Equity markets here and around the world have been strong, driven in no small part by interest rates that in many countries are close to zero.
That has meant investors have been piling into sharemarkets in search of yield and New Zealand, with its high proportion of dividend-paying stocks, has been singled out by investors for special attention.
The surprising thing has been the length of time central banks have clung on to their highly accommodative monetary policies, which has meant sharemarkets have tended to carry on stronger for longer, says David Gibson, co-head of Deutsche Craig's. "We get the jitters every now and then, as we did in February over worries about China," he says.
"Since then, we have had a very strong rally and global markets have remained strong."
Gibson concedes the market, from a price earnings (p/e) perspective, looks pricey. He says that on the face of it, the market looks expensive at an average p/e multiple of 20 times -- which is 35 per cent above the 20-year average of 14.8 times.
However, the premium to historical price earnings has recently been skewed due to the emergence of high p/e tech companies and the high concentration of the so called "gentailers" -- Meridian, Genesis and Mighty River Power.
"We are not expecting a major New Zealand-specific market correction, especially given where interest rates are," Gibson says.
"New Zealand companies' earnings performance has been solid. We are one of the strongest-performing markets and our price-earnings ratios and multiples look high. However, you need to back out of that equation the unique characteristic of the New Zealand market -- the fact that such a high proportion of our market is in the (high dividend-paying) power generator/retailers, with some technology as well," Gibson says. "If you back those out, we still look strong."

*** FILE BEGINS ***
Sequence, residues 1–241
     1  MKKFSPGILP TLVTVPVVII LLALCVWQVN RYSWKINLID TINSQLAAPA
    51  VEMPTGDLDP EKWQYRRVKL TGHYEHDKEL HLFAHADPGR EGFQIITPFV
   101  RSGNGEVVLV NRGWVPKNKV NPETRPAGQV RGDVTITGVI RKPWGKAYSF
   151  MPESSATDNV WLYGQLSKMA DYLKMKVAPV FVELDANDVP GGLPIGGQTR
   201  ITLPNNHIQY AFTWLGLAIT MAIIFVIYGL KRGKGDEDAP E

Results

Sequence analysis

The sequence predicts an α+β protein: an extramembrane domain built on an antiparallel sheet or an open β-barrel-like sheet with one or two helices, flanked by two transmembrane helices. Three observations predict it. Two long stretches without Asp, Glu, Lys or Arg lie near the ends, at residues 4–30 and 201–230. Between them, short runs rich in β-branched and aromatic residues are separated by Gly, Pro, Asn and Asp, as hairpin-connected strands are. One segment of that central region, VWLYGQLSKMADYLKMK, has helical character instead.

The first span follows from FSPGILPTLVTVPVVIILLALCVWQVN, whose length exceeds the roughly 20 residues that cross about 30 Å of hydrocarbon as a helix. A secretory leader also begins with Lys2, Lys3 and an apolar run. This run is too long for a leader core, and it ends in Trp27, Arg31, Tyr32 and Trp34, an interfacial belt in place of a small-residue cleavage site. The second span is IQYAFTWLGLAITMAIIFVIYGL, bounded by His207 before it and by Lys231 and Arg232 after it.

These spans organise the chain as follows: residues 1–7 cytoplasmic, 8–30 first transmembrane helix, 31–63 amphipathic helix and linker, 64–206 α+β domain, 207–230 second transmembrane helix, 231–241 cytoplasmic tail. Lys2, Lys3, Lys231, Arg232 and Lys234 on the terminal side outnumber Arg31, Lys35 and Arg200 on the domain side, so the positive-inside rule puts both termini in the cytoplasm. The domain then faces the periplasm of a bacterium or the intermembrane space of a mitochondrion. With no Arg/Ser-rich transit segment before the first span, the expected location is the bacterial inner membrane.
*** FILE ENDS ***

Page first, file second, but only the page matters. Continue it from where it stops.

New Zealand is an attractive place for capital at the moment because of the stable political backdrop.
Companies are performing well and the official cash rate -- at 2.25 per cent -- still has room to move on the downside; many other countries do not have the same luxury.
Gibson says there has been strong support for New Zealand stories. Those companies involved in high-value agriculture with exposure to China -- such as Comvita and A2 Milk -- have enjoyed a sweet spot in the market.
Food remains a strong theme for investors, as evidenced by the success of the Tegel float. "Hopefully in the next five years a lot of other companies -- food stories with an Asian focus -- will emerge," Gibson says. "To our minds there is a shortage of supply emerging for these quality businesses.
"We expect IPO levels to remain relatively light -- not through a lack of demand -- but we just can't see a lot of companies lining up with a lot of scale," he says.
"I don't think that we will see many more IPOs this year, but I do think we will see a surprising number of mergers and acquisitions," Gibson says.
"We are going through a slight merger and acquisition wave at the moment, which I think will continue through into the end of this year."
Gibson says dairy prices were the potential overhang, especially given the impact they might have on the banking sector if conditions remain depressed.
I don't think that we will see many more IPOs this year, but I do think we will see a surprising number of mergers and acquisitions.
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Corporate activity levels continue to rise with the recent Z Energy/Caltex deal being a case in point.
Gibson says private equity firms have been very active and are flush with cash, supported by cheap funding from the debt markets.
In the "hot" sectors -- health supplements and honey -- high multiples are being paid.
The media sector is attracting a lot of interest given the big changes taking place at NZME, Fairfax and MediaWorks.
Gibson says the collapse of electronics retailer Dick Smith -- which was brought to the market by private equity -- has made investors cautious about private equity funds seeking to exit retail businesses.
In the domestic credit markets for the year-to-date, aggregate maturities of bonds have been less than total new offers, creating the first significant positive new issuance in about four years.
Gibson says there is a "reasonable pipeline" of new debt issues ahead.